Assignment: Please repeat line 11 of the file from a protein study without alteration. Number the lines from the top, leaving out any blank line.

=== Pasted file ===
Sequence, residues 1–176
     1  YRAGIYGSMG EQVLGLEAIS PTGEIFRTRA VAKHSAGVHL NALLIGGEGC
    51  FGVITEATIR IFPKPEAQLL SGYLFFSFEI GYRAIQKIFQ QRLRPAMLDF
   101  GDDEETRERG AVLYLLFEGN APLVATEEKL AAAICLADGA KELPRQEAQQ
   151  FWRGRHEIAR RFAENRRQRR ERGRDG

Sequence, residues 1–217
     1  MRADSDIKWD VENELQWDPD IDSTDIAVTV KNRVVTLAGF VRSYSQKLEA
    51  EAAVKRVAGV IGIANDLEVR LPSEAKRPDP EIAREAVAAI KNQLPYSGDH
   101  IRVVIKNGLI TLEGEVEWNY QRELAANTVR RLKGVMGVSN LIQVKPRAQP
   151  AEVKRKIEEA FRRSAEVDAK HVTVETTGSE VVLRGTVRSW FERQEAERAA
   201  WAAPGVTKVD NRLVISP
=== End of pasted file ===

   201  WAAPGVTKVD NRLVISP